By Kosta Pappas
Whether for work or family, we travel a lot here at VP, so much so we’ve created a blog series titled “Travels with VP” that reflect on our adventures — whether it’s as simple as a recommendation for a brewery with a great IPA on tap or the exploration of a MEP-related topic unique to a locale. We hope you enjoy this first installment!
In the past several weeks, travels for both work and family took me to New York, Washington, DC and Texas. While normally, these locations are vastly different, they clearly had one distinct thing in common this trip: the heat. It was stifling, and now that I’m home, it doesn’t appear as if it will relent anytime soon. Given this, we thought it would be appropriate to explore the history of the device that not only makes part of our jobs possible, but makes this intolerable heat tolerable: the air conditioner.
THE HISTORY OF AIR-CONDITIONING
As with many inventions, the air conditioner was born out of necessity. In the 1840s, Dr. John Gorrie of Apalachicola, Florida struggled to treat victims of malaria ravaged by high fevers. Theorizing that relieving patients of “the evils of high temperatures” was key to not only treating the disease, but preventing it as well, he created and later received a patent in 1851 for his refrigerating machine that made ice and cooled the air. His invention was not well-received, and sadly, following the death of his financial backer, Gorrie was unsuccessful in bringing his invention to the masses.
Decades after Gorrie first introduced the idea of artificial cooling, astronomer Simon Newcomb advanced the premise further after President James A. Garfield lay dying of multiple gunshot wounds in a stifling hot sickroom. To cool the president, Newcomb and a team of naval engineers assembled a machine that used six tons of ice to cool the passing air. While effective — it lowered the room’s temp from 95 to 75 degrees — it consumed ice in such quantities nearly impossible to maintain during that time period. Another two decades passed before the breakthrough that would form the foundation for today’s air conditioning systems would occur.
In 1902, Willis Carrier, an engineer for the Buffalo Forge Company, created his “Apparatus for Treating Air” to combat a humidity problem at the Sackett-Wilhelms Lithographing and Publishing Company. Excess moisture in the air wrinkled the publisher’s paper supply; Carrier’s invention controlled the humidity by blowing air over coils containing a coolant. He continued to refine his invention, recognizing the benefits his apparatus could bring to industries and homes alike. He eventually left Buffalo Forge and formed Carrier Engineering Corporation with six fellow engineers.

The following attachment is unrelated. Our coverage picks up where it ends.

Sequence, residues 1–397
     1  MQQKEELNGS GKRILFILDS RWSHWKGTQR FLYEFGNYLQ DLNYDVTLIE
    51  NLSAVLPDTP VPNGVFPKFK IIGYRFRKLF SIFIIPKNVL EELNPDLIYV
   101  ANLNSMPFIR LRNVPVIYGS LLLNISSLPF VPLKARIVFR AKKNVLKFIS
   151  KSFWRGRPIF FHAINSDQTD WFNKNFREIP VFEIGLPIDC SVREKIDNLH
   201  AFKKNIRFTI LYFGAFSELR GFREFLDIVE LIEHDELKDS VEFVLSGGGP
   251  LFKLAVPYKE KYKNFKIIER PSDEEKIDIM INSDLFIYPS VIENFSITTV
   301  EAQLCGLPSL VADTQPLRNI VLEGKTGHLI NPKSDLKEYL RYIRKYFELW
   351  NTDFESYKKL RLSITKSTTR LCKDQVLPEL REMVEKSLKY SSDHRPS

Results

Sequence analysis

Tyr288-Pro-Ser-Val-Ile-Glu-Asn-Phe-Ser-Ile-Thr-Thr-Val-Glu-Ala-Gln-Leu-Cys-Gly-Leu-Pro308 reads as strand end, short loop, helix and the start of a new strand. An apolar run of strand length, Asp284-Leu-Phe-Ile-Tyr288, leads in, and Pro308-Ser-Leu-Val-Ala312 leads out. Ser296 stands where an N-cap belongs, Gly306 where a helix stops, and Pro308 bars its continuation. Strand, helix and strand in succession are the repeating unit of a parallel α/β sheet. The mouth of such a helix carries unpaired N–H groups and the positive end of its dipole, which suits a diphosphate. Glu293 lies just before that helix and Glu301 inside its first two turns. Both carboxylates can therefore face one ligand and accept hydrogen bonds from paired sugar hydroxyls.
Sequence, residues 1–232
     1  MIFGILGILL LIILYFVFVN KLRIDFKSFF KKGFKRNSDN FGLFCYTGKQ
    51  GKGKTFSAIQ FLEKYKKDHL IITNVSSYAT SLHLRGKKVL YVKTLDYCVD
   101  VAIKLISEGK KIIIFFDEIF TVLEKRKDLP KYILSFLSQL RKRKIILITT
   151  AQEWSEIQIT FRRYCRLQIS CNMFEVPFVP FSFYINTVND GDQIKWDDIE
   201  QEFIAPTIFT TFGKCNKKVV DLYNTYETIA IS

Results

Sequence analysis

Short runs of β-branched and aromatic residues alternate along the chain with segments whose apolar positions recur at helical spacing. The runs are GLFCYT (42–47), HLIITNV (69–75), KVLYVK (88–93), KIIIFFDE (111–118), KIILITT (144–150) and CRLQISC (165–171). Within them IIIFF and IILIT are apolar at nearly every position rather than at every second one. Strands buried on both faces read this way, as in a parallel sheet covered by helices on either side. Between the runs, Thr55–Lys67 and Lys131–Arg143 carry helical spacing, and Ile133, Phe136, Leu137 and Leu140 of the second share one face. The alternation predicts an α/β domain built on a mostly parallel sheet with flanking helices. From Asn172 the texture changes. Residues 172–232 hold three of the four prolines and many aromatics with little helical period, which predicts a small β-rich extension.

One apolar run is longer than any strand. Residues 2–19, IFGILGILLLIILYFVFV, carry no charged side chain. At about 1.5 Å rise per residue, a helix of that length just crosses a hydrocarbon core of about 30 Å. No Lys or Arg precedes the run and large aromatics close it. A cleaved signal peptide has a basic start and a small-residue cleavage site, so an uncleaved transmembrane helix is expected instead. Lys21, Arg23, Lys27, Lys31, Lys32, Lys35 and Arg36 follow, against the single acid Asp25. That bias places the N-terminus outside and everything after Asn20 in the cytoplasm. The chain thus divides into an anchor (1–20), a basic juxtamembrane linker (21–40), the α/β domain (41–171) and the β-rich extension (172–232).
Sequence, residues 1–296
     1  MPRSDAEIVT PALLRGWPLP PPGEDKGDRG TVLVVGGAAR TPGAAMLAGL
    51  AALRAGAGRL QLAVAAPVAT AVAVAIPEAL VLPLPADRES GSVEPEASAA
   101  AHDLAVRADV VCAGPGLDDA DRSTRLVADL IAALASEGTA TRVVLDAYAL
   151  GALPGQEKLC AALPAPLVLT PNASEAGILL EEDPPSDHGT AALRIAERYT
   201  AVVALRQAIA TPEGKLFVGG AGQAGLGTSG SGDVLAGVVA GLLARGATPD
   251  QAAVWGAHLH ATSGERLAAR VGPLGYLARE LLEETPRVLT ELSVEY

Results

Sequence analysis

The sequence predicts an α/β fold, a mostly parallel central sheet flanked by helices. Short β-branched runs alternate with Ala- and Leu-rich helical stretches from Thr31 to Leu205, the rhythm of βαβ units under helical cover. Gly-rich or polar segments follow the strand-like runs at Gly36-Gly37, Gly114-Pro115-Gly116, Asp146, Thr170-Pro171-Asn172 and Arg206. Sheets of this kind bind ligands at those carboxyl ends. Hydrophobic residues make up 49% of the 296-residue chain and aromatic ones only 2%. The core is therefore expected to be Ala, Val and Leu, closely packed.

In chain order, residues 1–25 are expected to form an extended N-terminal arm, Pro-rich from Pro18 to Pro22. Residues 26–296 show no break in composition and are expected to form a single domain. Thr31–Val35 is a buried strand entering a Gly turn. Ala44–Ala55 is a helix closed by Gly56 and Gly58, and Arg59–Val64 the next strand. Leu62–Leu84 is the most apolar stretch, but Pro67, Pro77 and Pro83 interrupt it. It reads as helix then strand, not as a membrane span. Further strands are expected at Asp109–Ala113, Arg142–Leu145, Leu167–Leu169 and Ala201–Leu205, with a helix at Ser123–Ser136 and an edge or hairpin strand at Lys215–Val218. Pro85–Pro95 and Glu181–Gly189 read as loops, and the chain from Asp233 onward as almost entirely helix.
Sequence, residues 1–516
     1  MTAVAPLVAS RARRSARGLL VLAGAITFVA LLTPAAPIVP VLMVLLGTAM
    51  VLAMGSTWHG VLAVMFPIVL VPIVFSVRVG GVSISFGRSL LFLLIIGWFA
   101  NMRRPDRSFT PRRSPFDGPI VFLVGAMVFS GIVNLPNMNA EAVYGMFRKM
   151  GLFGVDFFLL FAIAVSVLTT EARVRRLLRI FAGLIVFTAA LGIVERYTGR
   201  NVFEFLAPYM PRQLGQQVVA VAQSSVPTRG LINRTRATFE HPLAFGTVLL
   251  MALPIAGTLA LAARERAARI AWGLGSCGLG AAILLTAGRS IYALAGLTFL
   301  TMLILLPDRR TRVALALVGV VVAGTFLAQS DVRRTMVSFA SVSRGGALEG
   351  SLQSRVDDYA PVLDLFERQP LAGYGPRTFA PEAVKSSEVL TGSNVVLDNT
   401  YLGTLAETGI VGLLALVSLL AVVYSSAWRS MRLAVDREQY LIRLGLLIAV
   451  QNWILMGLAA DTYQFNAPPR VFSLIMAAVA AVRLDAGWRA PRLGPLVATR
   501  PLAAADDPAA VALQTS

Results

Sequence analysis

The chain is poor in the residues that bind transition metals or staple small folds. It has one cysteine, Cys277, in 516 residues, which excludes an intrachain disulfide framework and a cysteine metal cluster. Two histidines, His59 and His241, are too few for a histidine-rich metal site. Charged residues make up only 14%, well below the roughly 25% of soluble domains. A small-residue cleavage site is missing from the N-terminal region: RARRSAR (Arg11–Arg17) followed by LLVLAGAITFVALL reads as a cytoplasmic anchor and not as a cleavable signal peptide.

Just two short years later, the American public was introduced to the concept of comfort cooling at the 1904 St. Louis World Fair where organizers used 35,000 cubic feet of air per minute to cool the 1,000-seat auditorium and rotunda within the Missouri State Building. The public didn’t experience its full capabilities until another World’s Fair, decades later in 1939. There, Carrier hosted its “Igloo of Tomorrow” expo where 65,000 visitors experienced air-conditioning for the first time, sky rocking the demand for conditioned air.
Businesses — movie theaters and department stores especially — rushed to install what the British scholar S.F. Markham dubbed “the greatest contribution to civilization in this century.” American homes, however, wouldn’t enjoy the comforts of the air-conditioner until years later, due in part to the machine’s large size and equally large price tag. (A window unit alone could cost between $10K-$50K or $120K-$600K in today’s market.) This changed dramatically not long after World War II ended, with more than one million A/C units sold in 1953 alone.
HOW AIR-CONDITIONERS FACILITATED THE TECHNOLOGY BOOM
The early inventors could not have predicted all the ways air-conditioning would improve life. The invention indirectly paved the way for advancements in other industries — like information technology and the cooled environments necessary for computers to run.
We can directly attest to this. As mechanical engineers, we see firsthand every day what the right HVAC system can do for a facility. We understand a high-rise hotel may benefit from a central chiller system whereas a senior living facility may perform more efficiently with a Variable Refrigerant Flow Split System (VRF) in place. Understanding these complexities allows us to keep our cool when recommending A/C and chilling needs for our clients — both literally and figuratively!
About VP Engineering
VP Engineering is a dynamic MEP design firm in Charlotte offering engineering expertise in senior living, multi-family, hospitality, medical, industrial, retail/commercial and educational markets worldwide. With experience in a wide range of building types, our MEP engineering services help keep projects on budget and achieve your goals. Learn more at vpce.com.